Lexington, VA – June 26, 2014 - On June 23, 2014, the Rockbridge County Board of Supervisors unanimously approved a one percent increase in the occupancy tax dedicated primarily to the Virginia Horse Center Foundation’s (VHCF) primary debt service obligations. The annual surplus, if any, will be directed to safety-related capital improvements. The increase in the occupancy tax and the agreement governing the terms is for a two year period.
The City of Lexington passed a similar measure in early June.
A portion of the current occupancy tax has long been dedicated to the VHCF’s debt service, but the portion has consistently fallen short of the total amount needed. VHCF management has supplemented the debt service with funds from operations and Foundation donations – funds which have been diminished in the past five years during the lingering economic slowdown.
The new one percent increase insures the VHCF will be able to meet the debt service on time and frees up other much needed working capital and donations.
Chairman of the Board of Supervisors John Higgins thanked newly appointed VHCF president Ernie Oare, board of director’s member and Treasurer Tom Clarke and interim Executive Director Glenn Petty for their contribution to the local economy and the transparency utilized in the new relationship between the parties.
Regarding the unanimous vote, Supervisor A.W. “Buster” Lewis said the Board’s action, “will ensure that the Virginia Horse Center is able to be maintained as a premier equine facility not only in the Commonwealth, but also regionally, nationally and even internationally.”
“Through this act, the County has protected its taxpayers from increased local taxation for the provision of services if the economic impact of the Horse Center were to vanish and by increasing a pass-through tax paid for by visitors to our community who are coming in increasing numbers to enjoy our amenities,” Lewis noted.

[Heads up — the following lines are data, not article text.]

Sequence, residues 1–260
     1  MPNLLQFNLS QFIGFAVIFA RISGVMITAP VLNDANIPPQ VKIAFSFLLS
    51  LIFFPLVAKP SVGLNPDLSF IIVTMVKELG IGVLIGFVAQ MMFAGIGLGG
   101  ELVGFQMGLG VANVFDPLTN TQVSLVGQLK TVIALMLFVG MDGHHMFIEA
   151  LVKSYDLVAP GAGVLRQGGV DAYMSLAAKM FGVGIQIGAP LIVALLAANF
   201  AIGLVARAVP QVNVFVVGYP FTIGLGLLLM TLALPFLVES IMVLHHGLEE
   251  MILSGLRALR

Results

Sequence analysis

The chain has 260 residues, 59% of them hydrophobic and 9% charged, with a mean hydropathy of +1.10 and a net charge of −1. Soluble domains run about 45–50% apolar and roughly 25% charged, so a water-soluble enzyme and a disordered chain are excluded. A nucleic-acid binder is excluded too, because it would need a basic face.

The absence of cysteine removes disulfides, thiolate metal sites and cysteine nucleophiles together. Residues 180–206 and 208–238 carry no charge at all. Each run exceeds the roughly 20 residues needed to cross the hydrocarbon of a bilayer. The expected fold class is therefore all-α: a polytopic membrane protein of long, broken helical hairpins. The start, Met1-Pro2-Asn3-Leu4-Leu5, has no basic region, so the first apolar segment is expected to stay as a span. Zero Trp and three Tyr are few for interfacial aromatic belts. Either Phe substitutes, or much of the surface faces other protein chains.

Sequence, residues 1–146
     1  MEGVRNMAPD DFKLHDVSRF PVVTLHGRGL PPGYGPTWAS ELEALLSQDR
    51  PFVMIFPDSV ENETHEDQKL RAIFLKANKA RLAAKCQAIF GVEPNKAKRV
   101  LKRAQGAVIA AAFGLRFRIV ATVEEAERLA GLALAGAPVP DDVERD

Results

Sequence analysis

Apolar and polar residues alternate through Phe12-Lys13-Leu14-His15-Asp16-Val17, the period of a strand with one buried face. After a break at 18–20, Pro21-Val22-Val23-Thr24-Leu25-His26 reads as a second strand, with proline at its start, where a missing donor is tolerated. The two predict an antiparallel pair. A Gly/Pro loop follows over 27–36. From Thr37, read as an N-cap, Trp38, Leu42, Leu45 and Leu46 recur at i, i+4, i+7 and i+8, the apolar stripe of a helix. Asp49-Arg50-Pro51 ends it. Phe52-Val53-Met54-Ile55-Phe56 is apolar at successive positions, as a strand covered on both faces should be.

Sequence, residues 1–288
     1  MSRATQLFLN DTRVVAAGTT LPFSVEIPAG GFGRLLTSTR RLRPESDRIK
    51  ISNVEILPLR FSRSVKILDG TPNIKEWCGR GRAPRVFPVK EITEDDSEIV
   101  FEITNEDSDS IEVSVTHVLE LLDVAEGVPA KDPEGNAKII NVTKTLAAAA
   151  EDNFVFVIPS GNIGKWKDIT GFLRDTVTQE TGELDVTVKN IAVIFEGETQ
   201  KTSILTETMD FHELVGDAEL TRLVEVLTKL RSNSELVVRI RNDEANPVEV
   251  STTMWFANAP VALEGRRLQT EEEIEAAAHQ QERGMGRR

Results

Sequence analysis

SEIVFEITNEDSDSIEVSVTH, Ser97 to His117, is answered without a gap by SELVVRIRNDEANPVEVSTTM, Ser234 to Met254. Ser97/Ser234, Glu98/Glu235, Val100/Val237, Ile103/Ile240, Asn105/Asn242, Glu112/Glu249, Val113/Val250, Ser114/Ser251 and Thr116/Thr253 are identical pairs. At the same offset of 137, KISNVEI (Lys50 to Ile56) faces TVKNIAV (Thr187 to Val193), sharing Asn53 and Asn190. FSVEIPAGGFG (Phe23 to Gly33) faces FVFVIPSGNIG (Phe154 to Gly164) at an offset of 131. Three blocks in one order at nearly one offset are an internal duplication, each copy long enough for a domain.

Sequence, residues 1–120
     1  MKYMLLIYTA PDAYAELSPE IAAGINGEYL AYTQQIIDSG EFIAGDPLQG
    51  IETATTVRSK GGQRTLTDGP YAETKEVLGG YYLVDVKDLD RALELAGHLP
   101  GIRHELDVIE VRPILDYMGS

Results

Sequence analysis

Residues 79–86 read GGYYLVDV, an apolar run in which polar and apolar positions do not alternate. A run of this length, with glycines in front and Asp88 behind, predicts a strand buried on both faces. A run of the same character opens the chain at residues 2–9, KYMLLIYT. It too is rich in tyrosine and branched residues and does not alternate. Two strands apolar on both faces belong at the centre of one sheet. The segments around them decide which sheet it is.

The occupancy tax and debt service stabilization are cornerstones of the VHCF revised business plan put into place when Ernie Oare became president in late March. Oare and the Board of Directors (including new member Clarke, who has worked to reopen and redevelop the Natural Bridge Hotel and Park), have focused the past few months on transparency, improved financial reporting and community outreach. “This is an incredibly important first step to revitalizing the Virginia Horse Center and returning it to a place of pride in the community,”Oare said.
Oare noted that his contribution to the effort was mainly as general manager of the world class team of experienced professionals which includes Executive Committee members Gardy Bloemers, Tom Clarke, Buddy Derrick, Ken Wheeler along with interim Executive Director Glenn Petty, and consultants John Nicholson and Charlottesville CPA Sandra Thomas. “I’d go into any battle any time with this group and feel confident about coming out on the other end,” said Oare.
“We still have a long way to go, but Rockbridge County has played a key role in helping us launch this transformation. The community concerns were legitimate and those concerns are being addressed on a daily basis,” he concluded.
The VHCF pay over $600,000 annually on debt service for the USDA loan that provided the needed financing when the Commonwealth of Virginia withdrew its financial support and the Horse Center was privatized. The share of the occupancy tax dedicated to VHCF’s debt service contributed as much as $480,000 to that debt service in the recent past, but the VHCF management has supplemented the rest with operating funds and contributions. Over the past five years of lingering economic conditions that revenue has declined.
“The County and City governments guaranteeing our primary debt service payment is a great investment in the VHCF. Stabilizing the debt service allows us to concentrate on our primary mission of providing economic growth for the community, the region and the equine industry statewide. We are all focused on fixing the bigger issues we are facing, including years of deferred maintenance and capital improvements,” said Petty.
“At 29 years old, the Horse Center isn’t young anymore. It has great bones and great potential, but many components of the physical plant needs some sort of upgrade. The most important features – the footing in the stalls and in the rings and arenas – are in great shape and always repaired and maintained. But we realize everything else needs some expensive TLC – and we’re anxious to get started,” he concluded.